Benign Prostate Disease

New York, NY (August 6, 2001) - For an aging male baby boomer population, maintaining good prostate health is essential. Studies show that as men age, the chances that their prostate will become enlarged and cause urinary problems increases. By age 80, about 80 percent of males will have an enlarged prostate.

How do you know if you have a problem? According to the National Kidney Foundation, trouble starts when the prostate gland, which is located below the bladder, becomes so large that it actually squeezes the urethra, causing difficulty urinating. If you are experiencing any of the following symptoms, you may have BPH (benign prostatic hyperplasia), also known as benign prostate disease:

  • A weak urinary stream
  • Trouble starting urination
  • Urinating more often
  • Pain or burning while urinating

"Annual prostate checkups for men over the age of 40 are vital for early detection of prostate cancer and BPH," says Dr. William Keane, president of the National Kidney Foundation. "Though most men who are diagnosed with BPH do not have cancer, left untreated BPH can cause potentially serious complications."

BPH requires treatment only if the symptoms are severe enough to be troublesome to the patient or if there are other complications, such as bleeding, kidney infections or kidney damage. Surgery is currently the most widely accepted method of treating patients who are experiencing some of the more serious symptoms of an enlarged prostate. The operation involves removing some of the swollen tissue to relieve the symptoms. New forms of therapy include laser surgery; electrovaporization, which uses high levels of electrical current to destroy prostate tissue; thermal therapy, an outpatient procedure that uses microwave energy or radiofrequency energy and the use of herbal extracts such as saw palmetto to relieve symptoms.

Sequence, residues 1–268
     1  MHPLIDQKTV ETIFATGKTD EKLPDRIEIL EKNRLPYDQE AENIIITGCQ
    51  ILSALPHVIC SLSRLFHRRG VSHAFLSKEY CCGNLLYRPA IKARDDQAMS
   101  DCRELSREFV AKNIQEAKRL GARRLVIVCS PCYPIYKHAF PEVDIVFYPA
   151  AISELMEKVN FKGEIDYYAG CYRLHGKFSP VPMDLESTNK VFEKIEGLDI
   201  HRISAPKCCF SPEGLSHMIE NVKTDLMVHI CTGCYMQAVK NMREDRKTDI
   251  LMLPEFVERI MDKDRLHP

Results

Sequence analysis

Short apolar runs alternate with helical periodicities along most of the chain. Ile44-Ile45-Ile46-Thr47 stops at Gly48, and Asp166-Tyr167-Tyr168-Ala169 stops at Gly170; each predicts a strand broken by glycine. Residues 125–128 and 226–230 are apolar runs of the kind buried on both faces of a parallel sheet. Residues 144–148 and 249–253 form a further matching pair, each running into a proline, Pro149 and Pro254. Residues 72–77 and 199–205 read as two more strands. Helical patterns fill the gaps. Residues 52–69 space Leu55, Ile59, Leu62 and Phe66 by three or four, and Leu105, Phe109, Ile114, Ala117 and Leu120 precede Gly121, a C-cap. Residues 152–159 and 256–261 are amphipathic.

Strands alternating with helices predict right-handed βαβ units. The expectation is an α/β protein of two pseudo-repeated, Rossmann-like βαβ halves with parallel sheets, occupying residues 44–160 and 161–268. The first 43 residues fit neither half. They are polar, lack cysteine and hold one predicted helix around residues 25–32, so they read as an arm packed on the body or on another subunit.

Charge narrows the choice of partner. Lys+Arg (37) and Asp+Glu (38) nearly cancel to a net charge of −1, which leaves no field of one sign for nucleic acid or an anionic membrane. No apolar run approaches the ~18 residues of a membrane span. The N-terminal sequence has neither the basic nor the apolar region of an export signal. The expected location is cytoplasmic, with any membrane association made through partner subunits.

If a patient's symptoms are less severe, there are two types of medications that are commonly used to treat prostate enlargement. Drugs that are normally used for high blood pressure (alpha blockers) help to relax the muscle tissue in the prostate, relieving part of the blockage. Another type of medication used is effective in shrinking the prostate by blocking the effect testosterone has on the prostate gland.

For more information on BPD, call the National Kidney Foundation at 1-800-622-9010, or try our A to Z guide.